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THE HOOD RIVER GLACIER, HOOD RIVER. OREGON, THURSDAY, NOVEMBER 3, ' 1904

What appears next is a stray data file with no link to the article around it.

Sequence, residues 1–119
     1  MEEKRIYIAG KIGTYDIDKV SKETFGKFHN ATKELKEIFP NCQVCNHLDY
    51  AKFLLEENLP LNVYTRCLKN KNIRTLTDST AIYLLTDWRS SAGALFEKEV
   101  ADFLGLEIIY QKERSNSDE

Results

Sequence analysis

1 Topics of the Times Uneasy Hps the head that wears Teter's crown. Some one might suggest to General Corbln that an officer's marriage Is a private affair. The Empress of Japan smokes a sli ver pipe. Well, even that Isn't aa bad as cigarettes. The pumpkin pie that mother used to make were usually called punkin plea, were they not? The conviction grows that If Peary fulls John D. Rockefeller la the only man who can take the North Pole into camp. King Peter had a good deal of tinsel at bis coronation, but he has nothing on his clothes books that compares with Dowie's new robe of office. Ail proposals of marriage on the ten ytar plan should be accompanied by tables of rates showing, among other things, IJie cash sumuider value from year to year. While the statistician is striking all aorta of averages, die practical house wife Is being convinced that figures on domestic economy are susceptible of prevarication. The Czar has appointed his uncle in cpector general of artillery, but the old man will not have much to Inspect un til some of the artillery can be taken back from the Japs. It Is probably Juat a coincidence that one scientist predicts that we will all be Insane Just a few years after the date fixed by another scientist for the dlaappearance of the bloudcs. Scientists have declared that If a nan be put In a dark room with a blue llfct it la possible to axtruct his teeth plalulessly. Shut a man with the tooth ache In a dark room and the air will become blue enough without artificial aid. A statistical expert aaya more money la spent In this country for candy than for bats, shoes and gkma combined. This, however, la not aa startling aa the fact that more money la spent for (whisky and beer than for all of them put together. Some actreases have advertised that they take buttermilk baths (and it la tetter to take buttermilk baths than none at all), but It remained for Prof. Elle Metchntkoll of tlio Pasteur Insti tute of London to discover the efficacy of sour milk as a life-preserving pota tion. It is feared that many person will be so unappreclntive of the scion title achievement of Prof. Mek'tiulkoff that they would rather take on age than take In sour milk. However, it It came to the last pinch, where a mail must decide between the cold grave mid a glass of sour milk, some of the niore Uuild would doubtless tuke tho tullk. Twolniportant announcements made recently will no doubt cheer the heart of dilapidated humanity. A Christian (Scientist announces that he la able to pray a new suit of hair onto a lmld bead and a Scotch dentist is prepared to graft new teeth on an old Jawbone. The secret, of eternal youth, It appear, is not to be sought in au elixir which Is to transform the human body at a Jump, but In skillful repair work iwhlch makes good the woruout parts after the method of the bicycle or automobile mender. Treating tha huttiiiu body as a piece of machinery Is a cold blooded proceeding that the average man is likely to resent, but two uiuy be coming to It. With the story that a prominent candidate for national office prefer a bumble although meritorious kind of poetry, attention Is again drnwn to the legend that Lincoln's taste for poetry iwua not tine. Lincoln was fond of the didactic verses, "Why should the spir it of mortal be proud?" but be also liked the greater poetry of Shalt Mpeare. In one of his letters la an Impromptu criticism of "Macbeth" not unworthy of a cultivated man with more time for books and art than Lin coln bad. The man who wrote that masterpiece of American prose, the Gettysburg address, could not have been insensitive to good poetry, and bis own style shows that he was alive to the literary beauties of the Bible, The wonderful discoveries In chem istry make It almost certain that the miner of the future will be engaged In a swtreb for rare elements, and perhaps for some that are still unknown or not fully appreciated, writes John A. Church, in Uie Mining Magazlue. The power of electricity has given us the command of elements which could not be separated except In minute specks twenty-five years ago, and it Is entirely possible that new alloys with valuable qualities will extend the field of his usefulness. The miner in fact has one eye applied to a telescope. looking for new fields of effort, and the other glued to a microscope, searching for tracea of metal, that be may recover from the alags and gases of his waste product. Ills work is bound closely with the de velopment of transortation, and In deed with every other Industry, so that men who boast a conservatism that re jects Investments in mining look with dismay while their bonds fall in value because there is a strike among dis tant mines. The hardest task of the missionary among tropical savages Is to teach them the dignity of labor. Where very bodily want is supplied freely by nature, the chief motive to work, the earning of one's dally bread. Is absent But the lesson la being learned. This was abown some months go In Toro a central African coun try lying to the weat of Uganda at the foot of the snow-clad range anciently known as the Mountains of the Moon. The king's birthday was celebrated by an exhibition of native work. There were two hundred entries, a smaller number than the previous year, but the standard was much bibber and the variety greater. The queen, who was herself a prize-winner, presented the prizes, and the king showed mu'b in terest Yet ten years ago, when the lirst native Itaganda missionaries went to tills people, tiiey were sunk in the lowest depths of savagery. In some respecta, this exhibition In the heart of the dark continent was more inter esting and remarkable than that In 8t Lou'a. The establishment of a through llm of steamers between St. Louis and New Orleans Is only one of many tokensof a rovivai of waterway transportation It this country, and serves to call atten tion to the many ship canal project! under consideration at the present time. Twenty year ago river and canal navigation were pronounced dead. It waa said that the steamboat bad seen Its day; that the canal boat had gone to Join the stage coach, and that the railroad had superseded all other methods and means of transpor tation and traffic. To-day the govern ment of the United States la engaged In the construction of an Interoceanlc canal. The Erie Canal Is to be deep ened and widened by the State of New York at an expense of one hundred million dollars. Canada Is talking about conflicting the upper lakes with the ocean by locking and cnuallng the Ot tawa Klver, while our own Congress Is Investigating the feasibility of con structing a deep water canal between the great lakes and the Mississippi Hlver. It would appear, therefore, that water transportation, In this country at least, la still In Its Infancy. It la claim ed by the advocates of Inter-waterway enterprises and they preaent strong arguments that canals are well worth their cost In protecting the public against extortionate freight rates. At any rate the country la likely to wit neas In the near future a remarkable renaissance of canal building and canal traffic It would have been better If George Meredith' short-term marriage propo sition bad been received with that si lence which a scheme so repugnant to all that la finest, best and holiest In humanity merits. For no matter what may be Mr. Meredlth'a place In the world of letters, be baa not abown him self competent to deal with problem affecting the most sacred and most mo mentous relation that can be entered Into by a man and a woman. W are not disposed to take the En glish writer seriously, There 1 a sus picion that his belief tbat tb plan sug gested would "cause a devil of an up roar," lets us Into the real motive actu ating him in giving bta unlovely scheme to the public. A little free and exceedingly vulgar advertising may please blin better than the solving of complex aoclul problems. We do not propose to enter into any argument with Mr. Meredith. Judge Kersten, of Chicago, has said about all that needs saying In the significant sentence: "Ueorge Meredith must be Insane; the few who would eutcrtaln his proposi tion would be better satisfied with one year mnrrlnges or a shorter period." For the rest we are content to leave Mr. Mereillth and his repulsive remedy for unhappy marriages to the thou sands of husbands and wives who are traveling through life hand In band, sharing together cheerfully the bur dens and the Joys of home making; to the fathers and mothers who are rearing as best they know how our fu ture citizens; to the boys and the girls growing up with that sublime love for parents which strengthens and In creases In tenderness as the tottering steps of father and mother draw near to the end of their earthly journey. For after all Is said about this matter we fuce this question: What of the boy and the girl? Would a five or ten year marriage satisfy the love of the child for- father and mother? Would It compass the demands of that divine mother love, than which there Is noth ing finer? Would It meet the longing of every human heart for a home? To these heart-touching and all-Important question there comes a mighty NO echoed from Eden aud reaching the last man and woman on earth who shall plight their troth and say "Till death do us part." MOTOR FARMING. Latest Phase of Rclentlflc Agriculture in Kuglaud. The many uses to which the motor has been put are Illustrated In the ac companying photograph, which shows the Ivel agricultural motor, an English Invention, at work. This machine Is capable of hauling any kind of two or three furrow plow, or, In fact, any agricultural Implement. It can also be used for driving all kinds of machinery usually driven by steam or gas en gine, and when not at work In the field It can be doing cartage work. In a plowing experiment the Ivel motor, hauling a threo furrow plow, Ill IVEL AGRICULTURAL MOTOR. plowed six acres one rood nine polea of laud of very bard surface to au average depth of seven Inches In eight f nours uny-rour raiuuies, ana uie cost worked out at a rate of 6 ahllllngs per acre, which included everything. Comparing these figures with the coat of doing the same work in the or dinary old-fashioned way. It will be you can get the work done very much : cheaper and quicker. Machines have already been export ed to Portugal, Egypt and South Af rica, a In these countries the superi ority of mechanical power over horses aud cattle Is appreciated. It's a fortunate thing for some wom en that beauty la only skin deep. OPINIONS OF GREAT PAPERS ON IMPORTANT SUBJECTS Keep the Rod Out of School OW WSS It MllrtV vpara Bern when nvmrtrfll nun. ILmJ I cement was abolished In the schools? Were J I iot those the days when whole district of the own wera inrestea wltn gangs or young rur ians who terrorized the neighborhoods and gainst whom the police were almost power less? Have the generations of boys since then been worse or better? The far greater peace and quiet of the town, the Increased sobriety, the absence of the old gangs of youthful ruffians would seem to suggest that there bas been improvement during the period since the whip was abandoned In the schools. For some reason New York is now far more orderly than It was before, and order Is preserved more easily. Hiotlng, once comparatively fre quent, has ceased. The discipline in the schools themselves Is more efficient than when it was enforced with the rod. In every respect they are better. New York Sun. Making Ourselves Uncomfortable. NB of the troubles, or, rather, sources of the troubles, of this age is that people are too com fortable. Hot and cold water in every room, electric light, elevators, steam heaters, easy chairs all these things are ruining the race. We arc growing soft, torpid, lazy and Ineffect ive because our way 1 made too smooth for an us. Especially Is this true of bachelors and never have to do anything for themselves, but we all ahare, to some degree, In the common luxtiriea that have converted even the poor among us Into sybarites. Strength of muscle, or mind, of will, is acquired only by exercise. An athlete runs a mile. It la bard work, but It builds up bis muscle. If be lay in bed be would be more at ease, but his muscles would grow flabby and weak and In the day of trial be would fall. A child whose lightest wish Is obeyed will grow up weak-willed and petu lant and will be helpless afterward in the face of deter mined opposition. Modern Invention and the competition of business have relieved people of a vast deal of labor which formerly they bad to perform, The elevator saves climbing upstairs, the electrlg light saves the work of filling and cleaning oil lamps, the telephone saves going on errands, the street cars save walking. All things are done for us. In consequence we are losing the hnblt and the knack of doing things for ourselves. We are going to seed, falling Into flesh, suffer ing a weakening of the will and a darkening of the un derstanding, The old Spartan spirit is evaporating. We cry under slight pain and demand anesthetics. Our soft bodies csnnot stand beat or cold, nor our soft minds Intense EASY FOR CHAUNCEY DEPEW. Editor Comment on the Senator' Re mark on Lack of Laughter. Chauncey M. Depew Rays that we re all too parsimonious of laughter; we don't look around for the fun there Is In life; we take things too seriously. Maybe that's true enough, but It does make us tired to hear this sort of philosophy coining from a man like Chauncey, who rests on downy beds of ease, and never has to lie awake at night trying to cipher out where next winter's coal is going to come from. Channy has bins In his cellar full of all sorts of Imported nud domestic money, and when he wants anything he Just goes down there with a sack aud shovels In enough money to buy what he wants, and that's nil there Is to It. It's dad-blistered easy for a man to be a cheerful philosopher when he has a few cords of green backs piled up In his woodshed. And Chauncey, while he says such henu tllul things between times. Is contrib uting to the gloom of the nation near ly all the time by telling weary old stories that turn a man's blood to water. If a nice bowdydo for a man to spring a lot of heart-breaktng unec dotes, and then look around upon the weeping and shuddering people and tell them that they are too parsimoni ous of mirth. There's a man a good deal like Chunuey within a thousand miles of the town we live In. lie goes around all the time with a beamln.r smile, ns serene as a Mny morning, throwing around gems of 'philosophy promiscuously, lie is always saying pretty things about letting sunshine into our lives and garnering tlie roses while we may, and nil that sort of thing. He has a string of platitudes on file In his memory nil the time, and be never misses a chance to distribute them. Hut that's about all that ho ever does distribute. He Is so stingy that be would steal bay from a blind horse. He has always been well fixed, and bis father was well fixed before lilni, and he has never known what It means to walk the floor In the silent watches of the night wondering how in blltien that note was going to tie paid. All he does is to look serene and quote chaste things concerning the sunshine, and go around Jacking up his tenants and renters If they get a few days behind and piling up wealth In the bank, it's mighty easy to be a philosopher under such circum stances. Nebraska Stute Journal. LUXURY IN THE KLONDIKE. Hardship Is No Longer the Inevitable Lot of Alaaka Miner. Hardship is no longer a necessary accompaniment of owning and work ing a mine In the Klondike. Certain holders of rich claims on Bonanza and Eldorado creeks, on which were made the "strikes" that startled the world a few years ago, have worked out a system of gathering their golden divi dends which Involves little more than an enjoyable summer outing. It Is as easy as going to the races, only the Klomllker brings back the gold. It Is hardly more trouble than clipping coupons from gilt-edged bonds. These owners of bonanza claims spend the winter 1 1 "the states," Cali fornia claiming mi st of them. In uie spring they make up a party of friends or relatives, an. I by easy stages go lu to Dawson for the "clean-up." Large ocean steamers carry them to Fkagway, and tiie White Pass and Yukon Railway spans the gap to White Horse Rapids, where river steamers are waiting, and In two or threo days they scurry down the Yukon tn Dawson. The cabins on the creeks have been cleaned and well stocked against the coming of the owner and his party. Wheu he arrives the water. Is turned into the huge sluices and the work of washing out the gravel mined dur ing the winter begins, Jha women of lie added, us worse For his who live In hotels the party spend hours alongside the sluices, for gathering the Yukon gold has a peculiar fascination. If they tire of this novelty there are stages to take them into Dawson for a ball or an evening at the theater. "1 bad the time of my life," de clared a young woman who went In for the "clean-up" last year, "and I'm going again next ye:ir. I was In Daw son Just four weeks and I attended fourteen balls. Half the men 1 met were college grnduates and all wore evening clothes, even to dinner par ties. No dress In a woman's wardrobe Is too fine for Dawson, but even a fright of a woman Is sure of a good time, for the men are In such major ity. "The most striking celebration which occurred In the course of my lslt was the trip to the Dome, a great hill back of Duwson, on June SI, the longest day of the year. The sun Is In view for twenty-four hours from the Dome, while In the Yukon vnlcy It disappears for a couple of hours. More than a thousand of us imide the trip to busk lu the midnight sunshine." The "clean up" takes hree or four weeks, and when It Is over tho gold, in Binull sacks, Is hauled to Dawson. The owner pays the crown royalty to the authorities, settles with his em ployes and expresses the rest to his bank in San Francisco or Seattle. He has the choice of two routes home the way ho came or down tho Yukon to Bering Sea and thence to the States by a long ocean voyage. Either way thero Is absolute comfort. Such Is the evolution of the gold camp that once suffered famine and scurvy, and to which relief was sent by dog teams over tho frozen snow liclds. Dawson now boasts electric lights, automobiles and no less than 1,IMK bicycles. It Is gay socially In winter as In summer, when the "clean-up" crowd appears to make things lively. New York Tribune CITY MAN IN THE COUNTRY. Problem MIJdte-Aeil Men Are Trying; to Solve in the Metropolis. If farmers could know the number of men at work In cities, who are slav lug and pinching that they may save enough to buy a small home lu the country they would be more than con- tented with their lot. . City life has Its rewards, but the wear and tear ou the mental and physical' being Is very great. Probably the ambition of four- fifths of the trained newspaper men In the great cities Is to accumulate a sum sufficient to enable them to buy paper lu a small town; one that will give them a comfortable living with out the remorseless grind Incident to work on a great city dally. So with the clerk and the artisan In the great city; they long for a few acres of land from which to get their living, and many of them are doing It successful ly, though more are falling from lack of technical knowledge. A man of 50 in the country feels that he has years enough before him to accomplish a greut deal; In the city, If the man of SO years be an employe, he Is lu dally fear, and Justly, that he will lose his position and some youth get it. The writer knows whereof he speaks, for he has been the city man and the farmer. Some day some Carnegie will find an outlet for his fortune in buy ing large tracts of land iu settled farming communities, near schools, churches and stores, cutting them up Into small farms of ten or twenty acres, building a house on each, em ploying one or more experts as teach ers lu rural lines and offering these homes to city men of middle age who have saved a little money, at a price and on terms that will enable the man from the city to pay for his little home by his labor. He will be taught how by the experts employed by the rich man. This Is not charity, for the rich man will find his philanthropy paying him a goodly per cent on his invest ment Indianapolis News. Intellectual toll for long sittings. Fortitude la going out of the world. If one of us wishes to escape fatty degeneration, cor poreal, Intellectual and moral, It Is necessary for him to make himself uncomfortable. Let him sleep on a bard mat tress, let him sit only on hard, straight-backed chairs with out upholstery; let him bathe In cold water; let blm black his own boots; let blm walk long distance; let him eat sparingly and of none but simple dishes; let blm do the tilings that be does not like to do; let blm refrain from doing the things be does like to do; let blm mortify bis flesh and humiliate his desires until he shall gain the mas tery over himself. San Francisco Bulletin. Death and the Fear of It. EOItfiE MEREDITH Is renorted to have said Gill) a recent interview that doctors and parsons fare doing harm by increasing the fear of death l..n1 matlnirtli. Vnffliuh load manlv "Vi Adtt " "should consider death or think of It than going from one room to another." own part, he Bays, be "hopes he shall die with a good 'laugh." There Is no objection to Joyousncss, even on the solemn occasion of passing from this form of existence to one of which we know nothing except by faith. All the same, a frivolous laugh aeems to be an affectation of courage rather than geniulne heroism. Death Is no Joke for those who go or for those who are left behind. One may say, with the trust of Emerson: "The God who bas led me so graciously all through this life I can trust wbertvar He leads ma." Syracuse Telegram. Courage in War. N the great naval battles that bave occurred In the East, as in the great land battles, no doubt Uie Russians died game. So did the Japanese, so do the common soldier and sailors of most civilized peoples and of many seml-clvllized and many barbarian peoples. No people in the world meet dfath with more nonchalance, or more grim stoicism, than the Turks or our North American Indians. To die recklessly In battle Is a common trait, and argues no special nobility of character. Least of all does It give any Indication of the righteousness of a cause, or possession of the traits that make for the glory of a nation In peace. To have bulldog's fearless pugnacity doea not demonstrate the possession of Christian, or even of moral virtues. Dad men have It In common with the beat men. Boston Herald. FOOD OF MADAGASCAR. Pith of Tree Compounded Into an Kdlble According to the report of M. R. Gal Icrand, a French scientist, the Saka laves of Madagascar use the pith of a certain palm tree as an article of food, says the Scientific American. The tree Is found 1n the Amhongo region, and Is known xas the satranahe. -According to Pernlr, It Is the inodenila nobllls, nearly related to the hypahene. In that region the sataranabe eovers vast spaces either along Uie sea coast or bordering the rivers. After cutting down the tree the nutlves take out the pith, which runs from four to ten pounds per tree, then dry, powder and sift It, thus forming a kind of flour. Some of this flour was sent to Mar seilles to be analyzed at the Industrial laboratory. It la a fine yellow powder, and when fresh has a somewhat sweetish taste, which It had lost, however, upon ar riving, and Its solution did not act upon a beam of polarized light. Wheu shaken up with water the flour swiills up and a light yellow liquid is obtained which has the odor of beer. About 17 per cent of the matter Is dissolved. When fresh the product contains 13.3 per cent of water. After drylug, to expel all tho water, It analyzes as fol lows: Starch, IM.8,'13 per cent; cellu lose, 12.0.T.J; albuminoid matter, 10.538; fatty matter, 1.037; mineral salts, 8.2 per cent. Among the salts are sul phate of potash, chloride of sodium, phosphate of lime, magnesia, oxide of Iron; silica Is nlso found. What 'a to be remarked principally about this product Is the relatively largo proportion of albuminoid matter It contains. In this respect It ranks ahoad of Uie potato, manioc aud sweet potato, sei lug that the latter contain G.1'3. 3.30 and 3.38 per cent of nitrogen substances. Chance for Woman Inventor. "Now that the preserving season Is here," said the busy woman, "I am reminded of something that for a long time I have been meaning to Invent and patent. It Is to be called the Never-Burn Cooking Spoon. Of course no home will be complete wlUiout It. "This Is the design: a brond, deep bowl set at right angles to the ad joining upright handle, which will be as long as a preserving kettle Is deep, and then, at right angles to this again, a second length of handle long enough to permit the cook to stand away from the steam and heat and yet stir the contents of her kettle as frequently as she wishes. "The advantage Is that with this double right angle handle the whole bowl of the spoon. Instead of Just the point of It Is, sure to rest on the bot tom of the kettle and hence the stlr ring has the desired effect of prevent ing the dreaded 'catching on' that Is bound to ruin the flavor of whatever Is being cooked. "I don't know why I have never yet had a tinsmith carry out my Idea. Some day I suppose some one else will put such a scheme on the market and I shall be saying 'Why didn't I do that myself?" New York Sun. Her Time to Worry. Marryat I toll you, old man, my expenses are getting so big I'm barely able to make both ends meet Ascuin I suppose it worries your wife a good deal. Marryat Well, yes, I believe she does worry a good deal whenever she wants a new gown or hat Philadel phia rress. A Frank: Tribute. "She Is beautiful," said Uie studious girl, "but she Is not accomplished." "My dear, answered Miss Cayenne, there Is no accomplishment more diffi cult than being beautiful." Washing ton Star. It la said of a certain cook that sba can't boil water without burning It TALE OF THE EARLY DAYS. First Ficht of Wild Bill, .Famed Des perado and Pioneer. Wild Bill, whose real namo was James HIekok, first came West in 16.-7. and drove an ox team on the plains for Majors & Russell In lSiXK He subsequently engaged himself to the Overland Stage Company as stock tender and was put in charge of a new stage station on Rock Cr ek, near the old McKandlas station, which was generally known as Robbers' Roost This was Uie headquarter for the McKandlas gang, a crowd tbat had held together since the Missouri Kansas border ruffian day aud cen erally hnd things Its own way. A man named Flcklin, and a number one stage hand, was the superintendent He tried to buy out the McKandlas station, but failing In this, he built a new one near by, putting young Hickok in charge. Cp to that rime ht had never experienced trouble with anyone, and was not likely to have friction, especially with the old station keeper. McKandlas. or his men. In the winter of lSiiO-lil McKandlas and his nephew and four other mn passed by the new station on horse back, leading an old man who was afoot. They had a ro"e around the old fellow's neck, and occasionally they would take a few turns around the horn of the saddle, make a run on the rope and Jerk the old man down and drag him on the ground until he was nearly dead. The only spite they had against him was tli.it be was a North Methodist preacher. If Wild Bill was anything he was an abolitionist and free-soiler and loyal to the United States. The McKandlas crowd was planning to make a raid on several stations to secure the stock and go south. They told young Hickok they would take the stock. He replied that he would be there. When they returned late In the even ing two stopped at the corral, two went to the front and two to the back door of the cabin or hut. Hickok told them he would shoot the first man who took down the bars of the corral. The elder McKandlas fired at Hickok, but mised blm. Hickok returned the fire with a rifle and shot McKandlas In the heart The next shot from Hickok killed the nephew, and the two fell at the front door. Just then the two at the back door opened fire. One shot from a double-barreled gun lodged seven full-grown buckshot Into Hlckok's right side and breast two of which entered bis lungs. The two meu who stopped at the corral came to tne aslstance of the two men at the house. Hickok was then In a band to-hand fight with four men. He killed three of them In the house and wounded the other so badly that be died ou the prairie. Denver Field and Farm. THE U.1TcrIiSERGALVEST0N. The Galveston was one of six ves sels to be built under act of March 3, IS!)!), providing for protected cruisers of 2,fO0 tons trial displacement. It was to be sheathed and coppered and to have n high rate compatible with good cruising qualities, a great radius of action and was to carry the most powerful ordnance possible to ships of its class. It has an actual steaming radius under full speed of 10'i knots. Its length over all is 3(1!) feet, beam 11 feet and mean draft about 4i!7 tons. It has fi boilers, a double bottom and 07 watertight compartments. A Lay of Ancient Koine. Oh! the Roman was a rogue, He erat. wan, you hettum; He ran his automoliilis And smoked his cigarettnm; He wore a diamond studibus. An elegant crnvattum, A maxima cum laude shirt, And such a stylish hattum! He loved the luscious hic-haec-hock, And bet on games and equi; At times he won; at oroers, tho'. He got it in the nequi; He winked (quo usque tandem?) At puellas on the Forum. And sometimes even mads Those goo-goo oculorum! Ha frequently was seen At combats gladitorial, Ajid ate enough to feed Ten boarders at Memorial; He often went or. sprees, And said, on starting homus, "Hie labor opus est. Oh, where' my hie hie doinus?' Altho' he lived In Rome Of all the arts the middle He was (excuse the phrase) A horrid Individ'!; Ah; what" a different thin? Was the homo (dative, hominy) Of faraway B. C, From us of Anno Domini. Harvard Lampoon. Cause or Hi DownfalL Archbishop Ryan tells a story of a philanthropic man who used to make a practice of visiting the eastern peni tentiary In Philadelphia, and becoming acquainted with prisoner about to be released so as to help them make a new start In life. One day when he waa calling on a man whose term wa about up. he no ticed a man in stripes who Impressed him. Going over to him, Uie Good Sa maritan said: 'What brought you to this place, my friend?" "Sneezing." "Sneezing?" "Yes, sir," said the convict "I sneezed one night when I was stand- In' by an open winder. It woke up an ole gentleman, and he bad me pinch ed." It should be a part of every one's education to learn bow to stand it. Not euough Is said of the heroism of hose who recognize that they must stand It, and quit complaining. If vou would have vour monev reneh those who are seedy, Ijuy poetry with It f'.,- ..- WMpr" PETITION. In the County Court of the County of Wasco unit stateof Oregon. Ill themnUerof the. petition of Claude L. Markham sod others for the formation or an Irrigation district In (he co'iniy of v a . o and slate of Oregon, under provisions of chapter V ol Bellinger's and Cotmn's Anno tated codes and statutes ol the stale of Ore- To t he romitv court of the e-.unty or Wasco: '1'he undersigned petitioners re.-peelfully show ntiio toe court: ... First-Tnat thev are desirous of forming and proisise to form an irriga.lon district tin der the provisions or chapter V of Bellingers and Col ton's annotated codes and statutes or Oregon. Heeond-That your petitioners are a majors Ity and more than flftvorthe holders of tllle lo Isnds susceptible or Irrigation rrotn com mon source Hnd bv the same system of works,, aud desire lo provide for the irrigation of ihe "V'nTrd That the land to be Irrigated l all situate In the county of Wasco and state of Oregon, and Is more particularly bounded as to said proposed district as follows, to-wlt: Commence on the Columbia river, south bank, where the section Hue between sections 81 and aa township 3 north, range 10 east of the Willamette meridian intersect the Coluni bla river, then south along said section line and the section lines between sections 5 aud 6, 7 and 8 to the -section corner common to said sections 7 andS, townships north.runge 10 east, W. M.. thence west lo the center of said section 7 thence south to the -section comer common to said section 7 aud seeilon IS said township aud range, thence west to corner common to said sections 7 and 18 and sections Wand 13 Uuiship2 north. range east W. M., thence south along the township line between rangesBand 10 enl nlori-suid, lo corner com mon to suctions 13, IS. I'i and 1. township a north, ranges and lo east,. W. M., thence west to the corner common to sections 13 and 14, '1 unit 'ilowu-hip i north mute 9 east. W. M., thence soiiiu lo coi nerci.mmou lo sections 23,M 25 and 2S last named luwii.iiip and range, thence In said township and range as lol lows: uet to tmrner common to tei'llons 22,23 21) ttnd 27, south to corner common to sections 2o, 27, 31 anil Si, we-it to cor icr common to sections 2H, 30, 31 and 2, thence souih lo cor ner common to sections 31 and 32 aforesaid and u sections S and , township 1, north, range 8, east W. M., thence east along the township line between townships 1 and 1 north, range U east to Hood river,, thence up the west bank of Hood river and Its forks to the most suitable piece for taking out the water from Hood river, Iheuce down said river to section line between sections 6 and 7 township 1 north, range lUeast, thence east to k section corner conunou to sections H and 7 thence north U Vt section corner common to sections (1. 31, townships 1 and 2 north, range 10 east, thence along said township line to corner common to sections 4 and 5, 32 and 83, townships 1 and 2 north, range 10 east, thence north to where the section line between sec tions 16 and 10, township 2 north, range lu east Intersects the west line of the rigut of way of the ditch or the Karn ers' Irrigating Co., thence following down said west and north line of said right of way of said ditch to a point on same in section 33, township & north, range 10 east; thence along the section lines between sections 3.1, 34, 2; and 28, town ship 3 north, range 10 east to the south bank of the Columbia river thence down along the south bank of said Columbia river to the point ol beginning. And your petitioners do pray that the said irrigation district be organized under the provisions of said act, and lor general relief. C. E. Markbitm it. H. Jentzen B. V. Mhoeinaker Jos. Fraz-ler, Jr L. H. Nichols II. H. At woo J P. Chandler J. O. Eastman O. K. Caslner W. B.Boorman ( has. Chandler H. A. Hkinner J. W. Ingalls K. L. Eastman C. Dtnsinoor Jas. K. McOratn J. H. Mhoeniaker A. J. Krledley H. A. MiHire Joe Humfleet K. J. Nicholson A. W. onihank K. C. Bherrleb H. E. Itlocher K. Klenloe Mrs. Ida Crapper B. K. Moses Henry Htefi'anaon W. N. Moses K. Duncan Martin Chas. Wallace Mrs. W. 1'rlggo J. J. Gibbons Kred Uate. (4. K. Abernslhy James Moore C. A. Merrlam U, A. McCurdy B. K. Kadelmaa Ueo. W. Love V. O. Church J. K Binns K. E. Lyons' A.J. Rogers J no. Htranahan A. W. King Chas. Htrsnalian J. J. Jordan T. A. Vanausdal J. R. I'hilley Louis H. Arnesen OtU Bro-d John Jakku G. W. Htranaban L. B. Wil-on J. R. Kiusev Williams Lang lite p. H. Martin L. E. bal l K. W. Angus Warren liavenport K. N. Lornhecker Kred N. Rorden J. B. Castoer John A. Wilson Ueo. Burden C. Jacobson A. overland Mrs. HosuM. Nealeigh Mrs. Phoebe A. Goss John Badlilt" Mrs. H. M. Lewis Joe tlohsnn W.J. Ro8 F. R. Abtien John L. Henderson Menominee Lnr Co Thus. Hhere J. P. aud C. B. Burnet Albert C. Helms Timber Land Act June 3, 1878.1 NOTICE FUH PUBLICATION. United Hlntes Land DtHce, The Dalles, O'e- f'on, Hept. s.t.isAH. Notice is hereby given that n compliance with the provisions of lite act of congress of June 3, 1878, entitled "An act for 1 tie sale of timber lands In the states of Cali fornia, Oregon. Nevada, and Washington Territory, "as extended to all the Public Laud States by act of August 4, 18112, ALMOND. VENAV of Forest Grove.coiuitv of Wasulmrton.stateof Oregon, has May SK.lDOt filed In thlsotllce bta sworn statement No. 2337, for the purchase of the NJysW'4 and WN W,4 of section No. 20 in township No. 1 nortl). rane,e Noll K., W.M., andwtli otter proof to showtlnitthc laudsought Is more valuable for Its timber or sfcnie than for agricultural purposes, and U establish his claim to said land before George T. Pra ttler, 1'nltcd states .commissioner, at his ollice at Hood Hlver, Oregon, on the luth day of 1 n her, llH. He names as witnesses: Charles Castncr, I.ewis K. Morse, Lee C. Morse, William F. Kami, all of Hstd Rtver.Oregon. Any and all pt5rsons claiming adversely the above described lands are reiiuested to tile, their claims in tills onVe on or before said lOlh day of December 111. oti d8 MICHAEL T. NO LA V, Register. NOTICE FOK PUBLICATION. Public Land Male (Isolated Tract) ' United States Land Ottlce, The Dalles, Ore gon, October '1. IIKM. Notice Is hereby given that in pursuance of Instructions from the iommissloner ol the general land ollice.under authority vested in him by section 21fi Untied States revise . stauites.as amended- ny act of congress approved February ati, 181'5, we will proceed tx offer at public sate at the hour ol 10 o'cliHJk a. in., on Ihe 6th day of Decemlier, U4, at this office, the following tract of land, to-wlt: T e KJf NE! of section 23, township 2north, range 11 east of Willamette Meridian. Any and all persons cla mtng adversely the above descrll?d lands are advised to file their claims In this office on or before the day designated for the com encement of said sale, otherwise their rights will be for feited. MICHAEL T. NOLAN, Register. oct27 dec! ANNE M. LANG, Receiver. Timber Land, Act June 8, 1878. NOTICE FOK PUBLICATION. United Htates Land Office, The Dalles, Ore- fon, Aug. 24, 1H04. Notice is hereby given that n compliance with the provisions of the act of congress of June 3. 1878. entitled "An act for the sale of timber lands In the states of Cali fornia, Oregon, Nevada and Washington Ter ritory," as extended lo all the public land slates by act nf August 4. 18H2. PHILIP U. WARREN of VIento, county of Wasco. Btate of Oreion, has on (September 21, W03, filed In this olflce his sworn statement No. 2133, for the purchase of the VI NW! and the W) 8Wi of sec tion No.9 in township2 north, ranged E.W.M.. and will offer proof to show that the land sought is more valuable for Its limber or stone than for agricultural purposes, and to establish his claim to said land before Geo. T. Prather, U. i. Commissioner at bla office In Hood River, Oregon, on the 2d day of De cember, 1S04. H. name as witnesses: Hamuel Woodwart, Theodore Glayser, of Cascade Locks, Oregon; Millard F. Bird, Tremont Foster, of Hood River, Oregon. Any and all persons claiming adversely the above described lands are requested to file their claims in this office on or before the said Sil day of Decern her. HUM. s22dl MICHAEL T. NOLAN, Register. CONTEST NOTICE. Department or the Interior, United States Land Office, The Dalles, Oregon, Oct. 14, lit a). A sufficient contest affidavit having txen filed In this office by George Bigler of Hood River, Oregon, contestant, against homestead entry No. IT40, made Heptember 20.1901, for (he northwest quarter (NWU) section 10 townabip 1 N, range II E., W. M., by JOKEPH SCHWARTZ, Contealee. in which it Is alleged that the said Joseph Schwartz has never settled upon the said land: that he tlas never resided upon nor Improved the said tract as required by law; that he has wholly abandoned, the said tract and remained away for more than six months last past next preceding the date hereof.and that said tract Is wholly abandoned and that such alleged absence from the land Is not due to the employment of the contestee tn the army, navy or marine corps of the United States as a private soldier, officer, seaman or . marine, during the war with Spain or any otiier war In u htcb the United states may be engaged. therefore said parties are hereby noti fied to appear, respond and offer evidence touching said allegation at 10 o'clock a. ni. on December 2, WK, before the register and! receiver at the United States land office In The Dallea, Oregon. The said contestant having. In proper affi davit, tiled October jj.lto4.set forth facts which show that after due dllligence personal ser vice of this notice can not be made. It la here by ordered aud directed that such notice be give by due and proper publication uJO nl7 MICHAEL T. NOLAN, Register.